current situation: I have a service with several typical service methods like create(), remove(), findXy(), .. etc. Now I want to prevent two different service calls at the same time, meaning I want to lock my servicecall, after entering it the first time, so the second client (or same client again) will only enter the method as soon as first client is done.

For locking purposes we normally use ReentrantLocks. They work perfectly fine. But now i am doubting on how to implement these ReentrantLocks, since I dont want to insert them in every single method. Moreover our servicelayers define their Transaction context already on their own, which means, when I would integrate them in the method itself, a transaction is already started before the lock has happen.

public class WorkerServiceServerImpl implements WorkerServiceRemote
{
  private static final ReentrantLock workerLock = new ReentrantLock( true );

  @Autowired
  private WorkerDao                 workerDao;

  @Override
  @Transactional
  public int createWorker( int projectId ) throws RemoteException
  {
    workerLock.lock();//NO GOOD! Transaction already started!

    try
    {
      workerDao.create( projectId );

      //Do some more stuff...
    }
    finally
    {
      workerLock.unlock();//Unlock, next request can be handled!
    }
  }

  ...
}

Of course I could create a ServiceLayer above this WorkerServiceImpl class and just forward the calls to the original service, but since I have like 30 services I wonder, if there are any global solutions to solve this issue. Or is it possible to create an own annotation which fires before a transaction is started?

Any ideas are welcome, thanks in advance! ymene

EDIT: I choose CRUD methods for simplicity. Of course those service calls are far more advanced and can call different CRUD-Methods within one call.

up vote 2 down vote accepted

There are several points that can be made regarding this design:

  • The need to apply locks to service methods looks strange. If you have some problems with concurrent execution of service methods, perhaps it would be better to solve them by proper configuration of transactions when accessing an underlying database.

  • unlock() must be called inside a finally block.

  • If your service is singleton, your use of ReentrantLock is equivalent to marking your methods synchronized.

  • You can create an aspect to apply synchronization to your methods. See 7. Aspect Oriented Programming with Spring, especially 7.2.4.7 Advice ordering.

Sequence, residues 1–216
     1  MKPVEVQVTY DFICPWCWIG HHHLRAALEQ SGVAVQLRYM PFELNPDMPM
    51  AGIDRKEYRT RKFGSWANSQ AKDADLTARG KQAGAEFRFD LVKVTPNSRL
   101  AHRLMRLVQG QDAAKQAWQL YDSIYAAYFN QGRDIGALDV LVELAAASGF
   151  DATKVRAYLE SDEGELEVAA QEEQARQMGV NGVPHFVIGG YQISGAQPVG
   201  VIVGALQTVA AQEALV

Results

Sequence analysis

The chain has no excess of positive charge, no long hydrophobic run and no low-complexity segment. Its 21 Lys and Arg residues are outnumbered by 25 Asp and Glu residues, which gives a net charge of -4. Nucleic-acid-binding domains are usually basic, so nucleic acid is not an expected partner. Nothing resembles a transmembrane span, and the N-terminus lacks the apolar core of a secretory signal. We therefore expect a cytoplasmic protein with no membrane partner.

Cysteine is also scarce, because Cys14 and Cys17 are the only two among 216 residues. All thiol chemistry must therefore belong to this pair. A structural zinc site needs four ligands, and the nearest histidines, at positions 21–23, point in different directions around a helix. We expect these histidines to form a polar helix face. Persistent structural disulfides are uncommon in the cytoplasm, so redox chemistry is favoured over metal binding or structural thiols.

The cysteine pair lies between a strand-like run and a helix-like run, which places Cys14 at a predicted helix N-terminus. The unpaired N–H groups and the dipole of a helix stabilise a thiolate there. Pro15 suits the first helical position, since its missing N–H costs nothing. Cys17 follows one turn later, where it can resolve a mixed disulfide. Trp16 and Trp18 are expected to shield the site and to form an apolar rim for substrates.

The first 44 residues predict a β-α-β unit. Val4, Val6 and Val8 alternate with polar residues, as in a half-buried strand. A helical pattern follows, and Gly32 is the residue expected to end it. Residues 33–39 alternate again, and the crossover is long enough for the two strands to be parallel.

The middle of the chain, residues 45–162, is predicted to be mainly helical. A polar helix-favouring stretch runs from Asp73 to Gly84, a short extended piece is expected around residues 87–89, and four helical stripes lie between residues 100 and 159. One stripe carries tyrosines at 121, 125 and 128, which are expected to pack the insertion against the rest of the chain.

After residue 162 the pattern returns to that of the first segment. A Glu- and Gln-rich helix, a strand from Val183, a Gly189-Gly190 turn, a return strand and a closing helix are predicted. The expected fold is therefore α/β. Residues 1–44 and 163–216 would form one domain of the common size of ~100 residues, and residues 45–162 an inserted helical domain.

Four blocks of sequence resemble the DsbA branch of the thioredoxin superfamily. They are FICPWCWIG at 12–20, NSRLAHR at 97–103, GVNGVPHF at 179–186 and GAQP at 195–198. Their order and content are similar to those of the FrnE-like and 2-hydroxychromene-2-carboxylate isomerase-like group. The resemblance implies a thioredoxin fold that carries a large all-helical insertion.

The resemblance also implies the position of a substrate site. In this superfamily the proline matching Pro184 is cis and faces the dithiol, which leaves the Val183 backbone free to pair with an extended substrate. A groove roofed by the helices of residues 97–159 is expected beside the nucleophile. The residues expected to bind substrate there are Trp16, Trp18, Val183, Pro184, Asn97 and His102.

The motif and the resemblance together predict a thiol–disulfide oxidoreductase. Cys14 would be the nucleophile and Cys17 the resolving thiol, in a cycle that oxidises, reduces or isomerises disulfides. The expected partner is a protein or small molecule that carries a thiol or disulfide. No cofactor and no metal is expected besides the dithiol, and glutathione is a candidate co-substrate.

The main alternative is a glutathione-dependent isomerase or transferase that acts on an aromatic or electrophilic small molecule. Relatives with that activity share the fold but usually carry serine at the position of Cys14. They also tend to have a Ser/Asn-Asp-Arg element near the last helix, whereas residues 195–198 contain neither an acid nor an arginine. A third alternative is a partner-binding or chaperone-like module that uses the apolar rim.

• I'm nitpicking, but if the service is not a singleton, then its implementation is not equivalent to marking the methods synchronized, because the lock is static. – JB Nizet Feb 28 '11 at 14:51
  • @JB Nizet: I didn't noticed static, thanks. – axtavt Feb 28 '11 at 14:53
  • Answering point by point: 1) Sometimes it happens that some service calls are not allowed to happen, before others are done, which is why we want to lock them. 2) Of course in finally block, just left it out for simplycity, will correct it in example. 3) there are other benifits of reentrant lock, for example we can lock more then just a single method within one lock. Probably really no need for static there, since our service is a singleton. 4) I will check this chapter out, thank you! – crusam Feb 28 '11 at 15:09
  • @ymene: synchronized doesn't lock the single method too - it's equivalent to syncronized(this) { ... }, so that all synchronized methods of the class are mutually exclusive. – axtavt Feb 28 '11 at 15:12
  • @axtavt but I dont wonna make all methods mutually exclusive but special ones, which I want to be able to declare on my own. Are there any disadvantages in using a ReentrantLock over synchronized? – crusam Feb 28 '11 at 15:17

Since you seem to be using Spring, you could define a singleton LockInterceptor, and put it in your interceptor stack before the transaction interceptor. This interceptor would be very simple :

import org.aopalliance.intercept.*;
public class LockInterceptor implements MethodInterceptor {

    @Override
    public synchronized Object invoke(MethodInvocation mi) throws Throwable {
        return mi.proceed();
    }
}
  • this possibility looks quite interesting. I will try to make it work and give response. – crusam Feb 28 '11 at 15:22
  • I liked your idea and it worked fine, but ppl thought it would be "too magic", so they prefer an independent service layer. But thanks for your response! – crusam Mar 8 '11 at 12:59

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